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a blog by Chris Barrow

The latest on the dental headhunter and what you need to do about it

An interesting conversation with a travelling implantologist yesterday, who revealed that one of his sessions was interrupted by a telephone message, asking him to call a number in connection with “an urgent clinical crisis”.

Concerned and confused, he dialled the number, only to discover a head-hunter from a national dental corporate asking if he would like some extra work from them.

He didn’t share with me whether there was a sign-on fee available – it’s usually £10,000 for GDP’s, so perhaps more for those with expertise?

He did share his shock and dismay that such tactics were in play.

I’ve written here before about headhunting in the independent sector – that it is an occupational hazard in any business sector. One of my sons worked in legal recruitment for a while and explained some of the “creative” ways in which he would access his audience.

Maybe I’m naive but there’s a part of me that expects these behaviours from lawyers but not from healthcare professionals.

That, of course, is the point – if dental corporates are run by healthcare professionals, one expects certain standards. When healthcare corporates are run by venture capitalists under pressure, what do you expect?

As the supply of dentists dries up:

  1. graduates and those at the end of Foundation training electing to leave the profession;

  2. continental Europeans going home;

As the supply and value of UDA’s and UOA’s reduces.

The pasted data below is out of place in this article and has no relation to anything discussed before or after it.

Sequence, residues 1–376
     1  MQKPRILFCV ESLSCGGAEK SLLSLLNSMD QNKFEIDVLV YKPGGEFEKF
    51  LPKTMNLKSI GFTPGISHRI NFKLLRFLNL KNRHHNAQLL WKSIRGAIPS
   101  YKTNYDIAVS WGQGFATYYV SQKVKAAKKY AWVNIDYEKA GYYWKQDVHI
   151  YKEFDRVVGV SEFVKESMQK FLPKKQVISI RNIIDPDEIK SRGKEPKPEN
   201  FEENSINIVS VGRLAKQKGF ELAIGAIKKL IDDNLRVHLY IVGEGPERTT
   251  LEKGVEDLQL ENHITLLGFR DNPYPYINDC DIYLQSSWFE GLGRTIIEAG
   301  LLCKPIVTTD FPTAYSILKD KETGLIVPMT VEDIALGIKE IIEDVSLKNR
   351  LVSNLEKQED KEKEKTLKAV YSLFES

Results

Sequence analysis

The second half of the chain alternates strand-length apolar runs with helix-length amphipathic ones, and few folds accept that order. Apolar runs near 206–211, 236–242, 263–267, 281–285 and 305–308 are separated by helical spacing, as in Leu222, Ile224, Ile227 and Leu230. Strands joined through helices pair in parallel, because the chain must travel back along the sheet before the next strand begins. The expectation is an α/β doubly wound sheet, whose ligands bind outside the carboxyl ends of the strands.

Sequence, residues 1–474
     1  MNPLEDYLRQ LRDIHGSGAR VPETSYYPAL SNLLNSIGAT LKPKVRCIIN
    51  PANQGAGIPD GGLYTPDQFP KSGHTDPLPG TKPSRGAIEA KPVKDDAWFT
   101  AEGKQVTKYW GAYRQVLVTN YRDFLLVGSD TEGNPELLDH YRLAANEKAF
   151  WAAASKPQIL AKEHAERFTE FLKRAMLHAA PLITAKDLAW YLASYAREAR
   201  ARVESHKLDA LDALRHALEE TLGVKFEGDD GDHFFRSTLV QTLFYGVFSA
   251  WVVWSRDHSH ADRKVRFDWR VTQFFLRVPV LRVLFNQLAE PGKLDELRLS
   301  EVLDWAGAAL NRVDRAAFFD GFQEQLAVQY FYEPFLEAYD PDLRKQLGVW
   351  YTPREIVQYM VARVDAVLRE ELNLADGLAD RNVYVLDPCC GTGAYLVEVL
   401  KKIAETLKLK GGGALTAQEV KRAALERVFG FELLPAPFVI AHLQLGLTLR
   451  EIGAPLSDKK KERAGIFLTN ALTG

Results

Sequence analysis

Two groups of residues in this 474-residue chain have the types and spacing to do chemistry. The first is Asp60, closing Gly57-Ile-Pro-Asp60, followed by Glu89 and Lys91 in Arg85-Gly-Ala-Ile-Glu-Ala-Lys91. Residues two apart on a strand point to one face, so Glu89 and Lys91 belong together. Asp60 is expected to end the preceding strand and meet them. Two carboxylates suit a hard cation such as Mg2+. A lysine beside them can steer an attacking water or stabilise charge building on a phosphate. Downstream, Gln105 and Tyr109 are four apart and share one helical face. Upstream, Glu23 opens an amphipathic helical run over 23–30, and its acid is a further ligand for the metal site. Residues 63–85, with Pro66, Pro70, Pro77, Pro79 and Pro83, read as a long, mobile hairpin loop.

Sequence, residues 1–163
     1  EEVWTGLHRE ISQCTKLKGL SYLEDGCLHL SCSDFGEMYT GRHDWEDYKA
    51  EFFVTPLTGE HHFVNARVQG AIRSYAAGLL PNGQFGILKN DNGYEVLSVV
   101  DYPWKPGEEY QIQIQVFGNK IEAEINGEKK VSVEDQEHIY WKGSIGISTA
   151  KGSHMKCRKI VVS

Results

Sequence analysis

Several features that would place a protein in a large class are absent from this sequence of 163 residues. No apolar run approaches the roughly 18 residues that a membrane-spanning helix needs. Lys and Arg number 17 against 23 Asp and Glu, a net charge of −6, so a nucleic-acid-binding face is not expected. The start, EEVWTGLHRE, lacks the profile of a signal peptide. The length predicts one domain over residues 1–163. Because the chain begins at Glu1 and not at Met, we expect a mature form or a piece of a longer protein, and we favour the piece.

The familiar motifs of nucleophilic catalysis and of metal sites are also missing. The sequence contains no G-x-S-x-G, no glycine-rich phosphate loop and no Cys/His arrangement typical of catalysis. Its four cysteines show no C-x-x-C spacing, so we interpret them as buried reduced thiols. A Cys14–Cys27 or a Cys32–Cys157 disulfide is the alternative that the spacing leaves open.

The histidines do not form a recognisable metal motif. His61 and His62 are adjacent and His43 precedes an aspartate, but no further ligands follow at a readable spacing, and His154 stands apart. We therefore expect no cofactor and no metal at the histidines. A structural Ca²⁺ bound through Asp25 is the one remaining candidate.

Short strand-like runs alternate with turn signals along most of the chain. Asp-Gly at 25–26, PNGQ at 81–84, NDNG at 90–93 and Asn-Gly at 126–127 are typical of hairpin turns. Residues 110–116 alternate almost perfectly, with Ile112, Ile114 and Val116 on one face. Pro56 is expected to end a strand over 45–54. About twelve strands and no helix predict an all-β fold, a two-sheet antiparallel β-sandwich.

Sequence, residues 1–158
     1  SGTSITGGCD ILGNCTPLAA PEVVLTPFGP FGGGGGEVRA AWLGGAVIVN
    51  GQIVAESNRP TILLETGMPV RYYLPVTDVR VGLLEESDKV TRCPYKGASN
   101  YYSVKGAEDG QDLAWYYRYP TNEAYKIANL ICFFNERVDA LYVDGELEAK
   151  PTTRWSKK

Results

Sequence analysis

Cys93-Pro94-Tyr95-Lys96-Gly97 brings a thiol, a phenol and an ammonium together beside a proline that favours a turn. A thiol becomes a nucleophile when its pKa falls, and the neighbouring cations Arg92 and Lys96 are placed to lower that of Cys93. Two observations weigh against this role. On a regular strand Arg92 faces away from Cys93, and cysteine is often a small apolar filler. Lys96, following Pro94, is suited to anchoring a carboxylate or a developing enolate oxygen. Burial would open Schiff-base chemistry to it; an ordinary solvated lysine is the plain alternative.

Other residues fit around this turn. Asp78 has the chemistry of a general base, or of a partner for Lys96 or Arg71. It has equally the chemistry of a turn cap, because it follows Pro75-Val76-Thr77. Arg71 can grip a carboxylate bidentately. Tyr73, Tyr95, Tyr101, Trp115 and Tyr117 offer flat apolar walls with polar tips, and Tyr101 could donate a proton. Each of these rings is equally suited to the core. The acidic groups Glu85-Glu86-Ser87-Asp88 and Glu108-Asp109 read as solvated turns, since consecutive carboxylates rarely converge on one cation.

As dental corporates operating in the NHS struggle to make the numbers work in the face of increasing investor pressure.

We can expect the situation to get worse and, paradoxically, associate pay to rise as supply/demand economics take effect.

Are we seeing a similar phenomenon in the word of hygienists and therapists?

I’m sensing some early evidence of that, ranging from unanswered recruitment adverts to “call my bluff” stories of requests for more pay motivated by external job offers.

These are, of course, natural economic forces at work, whether we consider them unprofessional or not.

What you cannot afford to do is sit around and complain.

As an independent practice owner, you have to be watchful and wise, keeping as close an eye as possible on the macro-economic situation in UK dentistry and the micro-economics of your post code.

You might also want to pay close attention to the well-being of your clinical team, remembering (for the millionth time) that all problems exist in the absence of a good conversation.

If you are too busy to listen to your clinicians then caveat emptor – you leave them as lawful prey for the headhunters.

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